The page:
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The Table Comes First: Family, France and the Meaning of Food Hardcover – Deckle Edge, Oct 25 2011

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Product Details

  • Hardcover: 320 pages
  • Publisher: Knopf Canada; First Edition edition (Oct. 25 2011)
  • Language: English
  • ISBN-10: 030739901X
  • ISBN-13: 978-0307399014
  • Product Dimensions: 14.9 x 3.3 x 24.2 cm
  • Shipping Weight: 590 g
  • Average Customer Review: 4.2 out of 5 stars  See all reviews (4 customer reviews)
  • Amazon Bestsellers Rank: #206,230 in Books (See Top 100 in Books)

Product Description


“Adam Gopnik brilliantly weaves together the history, philosophy, and culture of food with his deep passion for cooking and the shared pleasures of the table. Anyone who roasts a chicken at home or eats chocolate mousse in a restaurant will be forever changed by this book. I loved it!”
—Ina Garten
“I need to read anything that Adam Gopnik writes, and this book on food, eating and—it follows—life is a particular feast. His acuity, grace, sensitive intelligence (in short, his brilliance) are, as ever, dazzlingly displayed and yet with the lightest of touches.”
—Nigella Lawson
“Adam Gopnik’s writings about food are highly intellectual and profoundly witty, while also being warm and personal and rooted in common sense. He thinks hard about the routines of the table, and makes you think too.”
—John Lanchester

  “The perfect book for any intellectual foodie, a delicious book packed with so much to sink your teeth into.”
—Padma Lakshmi, author, actress, model, and host of the Emmy-winning Top Chef

About the Author

ADAM GOPNIK was raised and educated in Montreal, is married to a Winnipegger, and still has strong ties to family here. He has been writing for the New Yorker since 1986. Gopnik lived in Paris from 1995 to 2000, when he wrote the international bestseller From Paris to the Moon. He is a three-time winner of the National Magazine Awards for Essays and for Criticism and winner of the George Polk Award for Magazine Reporting. He now lives in New York with his wife and their two children.

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10 of 10 people found the following review helpful By Gail Cooke TOP 50 REVIEWER on Nov. 23 2011
Format: Hardcover
You eat, I eat, we all eat, and most of us enjoy food. Some of us love it, but few think about it philosophically, which is precisely what The New Yorker writer Adam Gopnik gives us an opportunity to do with The Table Comes First. For this reader Gopnik is an erudite, witty, entertaining essayist and he exercises those talents to their fullest with his book subtitled "Family, France, and the Meaning of Food."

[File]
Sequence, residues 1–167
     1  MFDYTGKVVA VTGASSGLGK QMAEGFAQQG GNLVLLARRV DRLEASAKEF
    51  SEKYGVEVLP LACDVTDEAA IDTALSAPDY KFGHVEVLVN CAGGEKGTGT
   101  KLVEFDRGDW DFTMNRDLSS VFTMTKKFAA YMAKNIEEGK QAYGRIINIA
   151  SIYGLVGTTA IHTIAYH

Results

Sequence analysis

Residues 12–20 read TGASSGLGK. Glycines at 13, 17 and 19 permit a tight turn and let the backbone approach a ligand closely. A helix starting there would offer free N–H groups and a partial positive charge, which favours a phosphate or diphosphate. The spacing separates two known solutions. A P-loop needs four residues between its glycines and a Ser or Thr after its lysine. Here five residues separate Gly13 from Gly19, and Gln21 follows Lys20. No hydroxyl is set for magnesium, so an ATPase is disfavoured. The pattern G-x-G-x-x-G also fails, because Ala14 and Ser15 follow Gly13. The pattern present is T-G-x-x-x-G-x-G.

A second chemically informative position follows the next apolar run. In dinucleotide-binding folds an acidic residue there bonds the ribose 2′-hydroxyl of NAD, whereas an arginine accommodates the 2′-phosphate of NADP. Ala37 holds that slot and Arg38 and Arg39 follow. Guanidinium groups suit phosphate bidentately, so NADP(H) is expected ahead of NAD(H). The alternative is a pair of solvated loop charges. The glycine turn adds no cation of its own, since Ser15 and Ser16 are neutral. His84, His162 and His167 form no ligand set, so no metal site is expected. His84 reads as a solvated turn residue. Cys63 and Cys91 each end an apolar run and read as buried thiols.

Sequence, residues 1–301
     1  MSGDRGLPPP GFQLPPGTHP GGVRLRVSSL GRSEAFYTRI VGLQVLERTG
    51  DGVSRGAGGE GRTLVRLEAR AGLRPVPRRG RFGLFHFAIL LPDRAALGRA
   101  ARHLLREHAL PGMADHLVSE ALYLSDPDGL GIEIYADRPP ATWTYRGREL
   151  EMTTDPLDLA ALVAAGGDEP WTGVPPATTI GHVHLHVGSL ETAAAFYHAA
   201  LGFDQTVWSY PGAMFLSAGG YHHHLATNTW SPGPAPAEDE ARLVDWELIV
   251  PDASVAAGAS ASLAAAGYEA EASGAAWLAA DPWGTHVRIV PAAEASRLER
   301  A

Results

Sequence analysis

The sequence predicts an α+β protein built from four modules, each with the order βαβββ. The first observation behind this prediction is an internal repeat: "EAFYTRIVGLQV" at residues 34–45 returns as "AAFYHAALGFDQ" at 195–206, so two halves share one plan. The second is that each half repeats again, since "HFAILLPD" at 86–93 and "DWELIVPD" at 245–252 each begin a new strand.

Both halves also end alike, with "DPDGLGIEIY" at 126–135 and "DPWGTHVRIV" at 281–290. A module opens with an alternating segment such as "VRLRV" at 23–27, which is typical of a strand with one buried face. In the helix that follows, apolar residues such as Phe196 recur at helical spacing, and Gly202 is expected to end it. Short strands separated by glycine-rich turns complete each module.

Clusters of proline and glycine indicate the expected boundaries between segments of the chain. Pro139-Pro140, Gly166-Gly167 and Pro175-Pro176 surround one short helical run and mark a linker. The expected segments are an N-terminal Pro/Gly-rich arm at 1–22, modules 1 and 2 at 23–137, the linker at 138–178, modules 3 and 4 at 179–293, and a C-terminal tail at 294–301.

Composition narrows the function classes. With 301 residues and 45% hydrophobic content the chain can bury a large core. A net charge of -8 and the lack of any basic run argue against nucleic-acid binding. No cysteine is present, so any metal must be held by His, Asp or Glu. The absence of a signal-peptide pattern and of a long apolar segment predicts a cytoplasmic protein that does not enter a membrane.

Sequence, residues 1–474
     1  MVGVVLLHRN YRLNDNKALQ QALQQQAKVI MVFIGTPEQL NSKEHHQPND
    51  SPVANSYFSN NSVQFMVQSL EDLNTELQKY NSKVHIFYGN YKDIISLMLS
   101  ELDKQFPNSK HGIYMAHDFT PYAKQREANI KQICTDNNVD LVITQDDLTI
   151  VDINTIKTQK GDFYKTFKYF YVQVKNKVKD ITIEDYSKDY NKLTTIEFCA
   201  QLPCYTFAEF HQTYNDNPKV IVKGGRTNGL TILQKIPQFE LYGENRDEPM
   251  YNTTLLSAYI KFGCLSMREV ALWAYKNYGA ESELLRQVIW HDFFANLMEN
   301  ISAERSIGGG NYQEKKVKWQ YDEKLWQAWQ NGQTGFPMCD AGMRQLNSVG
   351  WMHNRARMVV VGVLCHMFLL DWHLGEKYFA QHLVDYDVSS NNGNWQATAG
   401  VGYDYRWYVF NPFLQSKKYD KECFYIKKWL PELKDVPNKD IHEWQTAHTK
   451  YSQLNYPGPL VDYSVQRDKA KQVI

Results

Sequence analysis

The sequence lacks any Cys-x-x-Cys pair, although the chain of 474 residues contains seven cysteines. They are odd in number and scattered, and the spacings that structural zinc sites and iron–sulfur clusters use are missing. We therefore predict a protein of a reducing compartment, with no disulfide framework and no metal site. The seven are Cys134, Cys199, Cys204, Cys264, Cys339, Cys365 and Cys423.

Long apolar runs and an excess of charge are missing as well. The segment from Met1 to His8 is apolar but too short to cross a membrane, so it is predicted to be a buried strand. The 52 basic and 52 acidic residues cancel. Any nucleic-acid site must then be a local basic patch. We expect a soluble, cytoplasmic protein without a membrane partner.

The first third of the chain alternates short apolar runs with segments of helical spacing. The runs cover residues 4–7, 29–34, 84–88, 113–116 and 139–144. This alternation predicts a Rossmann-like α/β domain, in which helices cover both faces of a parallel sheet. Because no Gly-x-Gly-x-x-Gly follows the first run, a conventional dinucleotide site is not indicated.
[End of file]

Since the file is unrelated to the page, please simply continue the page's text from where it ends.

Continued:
The intriguing title stems from a quote by the British chef Fergus Henderson. Shortly after the bombings of London Henderson is apparently confounded by young couples who were buying television sets or sofas. He says, I don't understand, don't they know the table comes first?" It surely does for Gopnik who is near to eulogizing an entree, a dessert, a cut of meat.

Dividing his book into four sections Gopnik begins his discussion with a history of the restaurant beginning in eighteenth century France. While it is accepted that the French Revolution was close to ruinous for the arts, a gastronome of the time wrote "...that was not the case with cooking, far from having suffered as a result, it has the Revolution to thank for its rapid progress and motive force."

Part Two, "Choosing at the Table" examines our choices of food whether from a restaurant menu or in a market planning meal at home. "Talking at the Table" is the heading of Part Three, and consists of such intriguing topics as "What Do We Imagine When We Imagine Food?" and "What Do We Write About When We Write About Food?" The concluding section's focus is Leaving the Table as well as a few notes on cooking. One of my favorites is "Cooking is the faith that raw ingredients can be conjured into a nightly miracle."

The Table Comes First is a must for gourmets, gourmands, foodies - in short it's a delight. Gopnik is a highly intellectual writer who writes with a light touch - a very satisfying combination.

- Gail Cooke
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By Donald McKenzie TOP 1000 REVIEWER on Oct. 31 2013
Format: Paperback
The Table Comes First: Family, France and the Meaning of Food

From the back cover of Adam Gopnik's The Table Comes First: Family, France and the Meaning of Food.

Never before have we cared so much about food. It preoccupies our popular culture, our fantasies, and even our moralizing.

Adam Gopnik's the Table Comes FirstWhat is the meaning of food? Increasingly writers are attempting to wrestle with this question. A couple of the more interesting entries in this area are: Geneen Roth's, Women, Food and God: An Unexpected Path to Almost Everything, attempts to show that how women eat provides a reflection on most of their views on life. Gabrielle Hamilton's, Blood, Bones & Butter, The Inadvertent Education of a Reluctant Chef, traces the way food has played a dominant part in her life and relationships, long before she ended up a restaurant owner.